GM app lets you scan the number plate and text the driver

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17 Jun, 2014 12:00pm Tom Goodlad

General Motors reveals an app that lets mobile phone users contact drivers simply by scanning their number plates

General Motors’ Chinese research and development arm has announced its idea of a smartphone app – dubbed DiDi Plate - enabling drivers to text others, by simply scanning their number plate with their camera.

In its promotional video for the technology, GM uses a man asking the girl in front of him on a date, as well as a woman scanning the number plate of the car that’s blocking her in a parking space as examples of how the app would be used.

The system simply scans the number plate and enables the driver to get in contact with the owner, whether or not the recipient has downloaded the app.

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DiDi Plate raises a host of concerns for safety, privacy and even the potential for unnecessary displays of road rage. While an ‘anything goes’ approach may apply in China, it goes without saying that such an app would contravene a host of UK laws.

We’re sure GM’s intentions are honourable but the reality is that there is huge potential for abuse by drivers. Just imagine what will happen when one driver decides to let the person in front of them know what they really think of their bad driving – by texting them. The consequences could include verbal exchanges, road rage or even worse. Then you’ve got the more basic issue of the app encouraging phone use behind the wheel.

What do you think of the idea behind GM China’s DiDi Plate? Let us know in the comments section below…

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From what I've seen, drivers who take exception to those around them already seem to have a means of communication...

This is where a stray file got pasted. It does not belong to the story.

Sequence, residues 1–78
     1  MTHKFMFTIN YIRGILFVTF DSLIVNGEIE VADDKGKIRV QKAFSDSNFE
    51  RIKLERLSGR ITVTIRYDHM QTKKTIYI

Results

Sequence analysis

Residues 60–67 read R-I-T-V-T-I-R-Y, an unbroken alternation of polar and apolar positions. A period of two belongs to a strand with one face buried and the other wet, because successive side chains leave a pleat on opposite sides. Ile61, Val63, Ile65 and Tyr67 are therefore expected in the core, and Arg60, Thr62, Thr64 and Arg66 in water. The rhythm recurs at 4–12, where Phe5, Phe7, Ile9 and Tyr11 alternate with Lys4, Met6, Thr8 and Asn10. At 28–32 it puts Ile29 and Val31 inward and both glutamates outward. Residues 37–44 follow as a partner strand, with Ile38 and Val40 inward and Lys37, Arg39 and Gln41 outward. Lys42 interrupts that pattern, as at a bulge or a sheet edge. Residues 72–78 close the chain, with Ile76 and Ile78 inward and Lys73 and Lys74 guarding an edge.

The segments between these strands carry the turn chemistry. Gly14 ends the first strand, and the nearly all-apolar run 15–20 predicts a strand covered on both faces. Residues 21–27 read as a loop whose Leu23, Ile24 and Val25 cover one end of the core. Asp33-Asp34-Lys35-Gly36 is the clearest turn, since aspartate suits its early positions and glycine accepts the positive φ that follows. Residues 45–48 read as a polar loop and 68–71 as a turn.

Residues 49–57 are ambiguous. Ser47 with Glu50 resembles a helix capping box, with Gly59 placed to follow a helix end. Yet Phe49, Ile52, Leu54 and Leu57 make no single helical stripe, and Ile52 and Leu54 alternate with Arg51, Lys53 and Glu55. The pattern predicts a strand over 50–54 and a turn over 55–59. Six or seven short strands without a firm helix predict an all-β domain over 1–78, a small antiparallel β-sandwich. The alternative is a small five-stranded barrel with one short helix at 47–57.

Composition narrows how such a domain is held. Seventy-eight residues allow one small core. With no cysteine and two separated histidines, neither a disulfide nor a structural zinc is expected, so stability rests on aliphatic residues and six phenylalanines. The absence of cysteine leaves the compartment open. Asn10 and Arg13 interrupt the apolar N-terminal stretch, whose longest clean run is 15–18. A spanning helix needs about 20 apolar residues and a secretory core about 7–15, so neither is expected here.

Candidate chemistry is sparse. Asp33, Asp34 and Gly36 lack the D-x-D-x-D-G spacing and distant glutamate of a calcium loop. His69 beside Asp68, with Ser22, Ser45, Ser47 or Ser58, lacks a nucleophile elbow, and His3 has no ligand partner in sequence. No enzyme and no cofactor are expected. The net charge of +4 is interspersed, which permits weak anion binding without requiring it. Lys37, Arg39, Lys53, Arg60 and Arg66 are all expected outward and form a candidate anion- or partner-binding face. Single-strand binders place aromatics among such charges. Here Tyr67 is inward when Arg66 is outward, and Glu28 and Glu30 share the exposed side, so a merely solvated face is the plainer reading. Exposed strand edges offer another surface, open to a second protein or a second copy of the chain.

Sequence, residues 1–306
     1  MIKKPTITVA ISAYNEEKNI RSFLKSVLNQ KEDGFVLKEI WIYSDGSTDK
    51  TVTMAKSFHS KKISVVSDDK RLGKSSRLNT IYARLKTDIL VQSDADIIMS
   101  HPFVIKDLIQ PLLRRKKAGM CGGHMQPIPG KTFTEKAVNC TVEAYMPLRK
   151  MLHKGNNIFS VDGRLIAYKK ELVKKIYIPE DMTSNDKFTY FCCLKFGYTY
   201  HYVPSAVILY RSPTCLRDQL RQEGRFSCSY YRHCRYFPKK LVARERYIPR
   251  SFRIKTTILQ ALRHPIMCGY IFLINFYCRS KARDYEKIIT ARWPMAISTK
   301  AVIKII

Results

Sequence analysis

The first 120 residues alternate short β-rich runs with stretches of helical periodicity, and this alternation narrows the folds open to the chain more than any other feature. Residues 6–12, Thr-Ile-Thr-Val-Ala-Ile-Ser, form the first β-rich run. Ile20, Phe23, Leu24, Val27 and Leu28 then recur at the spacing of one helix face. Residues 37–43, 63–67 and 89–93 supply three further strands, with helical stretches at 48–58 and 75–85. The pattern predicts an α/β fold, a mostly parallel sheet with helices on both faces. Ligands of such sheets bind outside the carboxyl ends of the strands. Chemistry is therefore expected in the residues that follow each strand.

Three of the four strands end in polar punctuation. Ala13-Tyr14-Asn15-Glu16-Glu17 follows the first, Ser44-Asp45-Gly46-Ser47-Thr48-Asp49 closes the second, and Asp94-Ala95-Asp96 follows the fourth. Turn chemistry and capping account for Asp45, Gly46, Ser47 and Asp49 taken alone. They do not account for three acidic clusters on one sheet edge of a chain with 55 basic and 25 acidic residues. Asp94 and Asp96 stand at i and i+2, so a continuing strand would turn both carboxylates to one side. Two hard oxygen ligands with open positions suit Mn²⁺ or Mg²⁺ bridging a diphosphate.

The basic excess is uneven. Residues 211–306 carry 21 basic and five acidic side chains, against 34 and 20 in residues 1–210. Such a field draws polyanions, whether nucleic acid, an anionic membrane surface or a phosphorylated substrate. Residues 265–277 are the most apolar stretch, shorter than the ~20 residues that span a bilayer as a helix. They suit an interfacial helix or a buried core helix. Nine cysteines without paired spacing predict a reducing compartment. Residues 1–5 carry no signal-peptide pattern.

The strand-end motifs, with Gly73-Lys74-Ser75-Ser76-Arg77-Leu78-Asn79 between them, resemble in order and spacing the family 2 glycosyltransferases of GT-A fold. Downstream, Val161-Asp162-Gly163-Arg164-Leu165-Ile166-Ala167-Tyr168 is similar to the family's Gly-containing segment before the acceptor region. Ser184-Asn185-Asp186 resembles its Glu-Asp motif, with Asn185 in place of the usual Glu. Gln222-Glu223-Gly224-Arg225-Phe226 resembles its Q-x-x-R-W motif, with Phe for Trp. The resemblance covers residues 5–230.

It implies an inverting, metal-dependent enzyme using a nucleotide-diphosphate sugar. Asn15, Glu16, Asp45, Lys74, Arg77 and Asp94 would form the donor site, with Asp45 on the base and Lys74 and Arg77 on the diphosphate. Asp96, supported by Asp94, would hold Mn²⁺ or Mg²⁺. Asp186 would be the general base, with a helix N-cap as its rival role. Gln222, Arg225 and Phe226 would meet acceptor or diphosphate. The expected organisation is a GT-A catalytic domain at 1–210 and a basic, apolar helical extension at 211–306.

Hmm. I'm betting it would take only a matter of seconds were it introduced into Britain before someone texted something along the lines of: 'I am going to follow you home and do nasty things to you.'

OoooH the possibilities!!

I don't believe this! We have enough darn idiots on the roads now who jabber on their mobiles & try to text on the move, yet some muppet develops an app to do it.

If the brown stuff were brains this developer would be in the same category as Einstein.

"GM's intentions are honourable? Come off it, they've just seen another way to attract the youth market and make more money.

I've always wanted a way of communicating with other drivers to let them know about something wrong with their car, such as a headlight or brake light not working. I know that they should check these things before they leave and such technology is ripe for misuse, but I would like to think there are still courteous and well-meaning drivers out there - I'd hate for someone to get a ticket because they didn't do a full vehicle check that morning for whatever reason - we're only human. Perhaps an app with a limited choice of preset messages would be a good compromise?

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